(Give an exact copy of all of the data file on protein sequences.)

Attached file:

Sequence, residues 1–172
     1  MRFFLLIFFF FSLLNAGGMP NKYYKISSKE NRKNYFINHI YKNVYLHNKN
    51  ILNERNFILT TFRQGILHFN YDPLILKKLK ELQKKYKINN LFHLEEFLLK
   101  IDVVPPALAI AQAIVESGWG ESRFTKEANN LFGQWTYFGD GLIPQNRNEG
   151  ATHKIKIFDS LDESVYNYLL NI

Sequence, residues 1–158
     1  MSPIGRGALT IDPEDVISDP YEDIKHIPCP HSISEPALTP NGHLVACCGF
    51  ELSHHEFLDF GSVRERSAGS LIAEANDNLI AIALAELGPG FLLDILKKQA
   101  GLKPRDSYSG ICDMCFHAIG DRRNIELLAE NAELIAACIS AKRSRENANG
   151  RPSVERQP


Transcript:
Sequence, residues 1–172
     1  MRFFLLIFFF FSLLNAGGMP NKYYKISSKE NRKNYFINHI YKNVYLHNKN
    51  ILNERNFILT TFRQGILHFN YDPLILKKLK ELQKKYKINN LFHLEEFLLK
   101  IDVVPPALAI AQAIVESGWG ESRFTKEANN LFGQWTYFGD GLIPQNRNEG
   151  ATHKIKIFDS LDESVYNYLL NI

Sequence, residues 1–158
     1  MSPIGRGALT IDPEDVISDP YEDIKHIPCP HSISEPALTP NGHLVACCGF
    51  ELSHHEFLDF GSVRERSAGS LIAEANDNLI AIALAELGPG FLLDILKKQA
   101  GLKPRDSYSG ICDMCFHAIG DRRNIELLAE NAELIAACIS AKRSRENANG
   151  RPSVERQP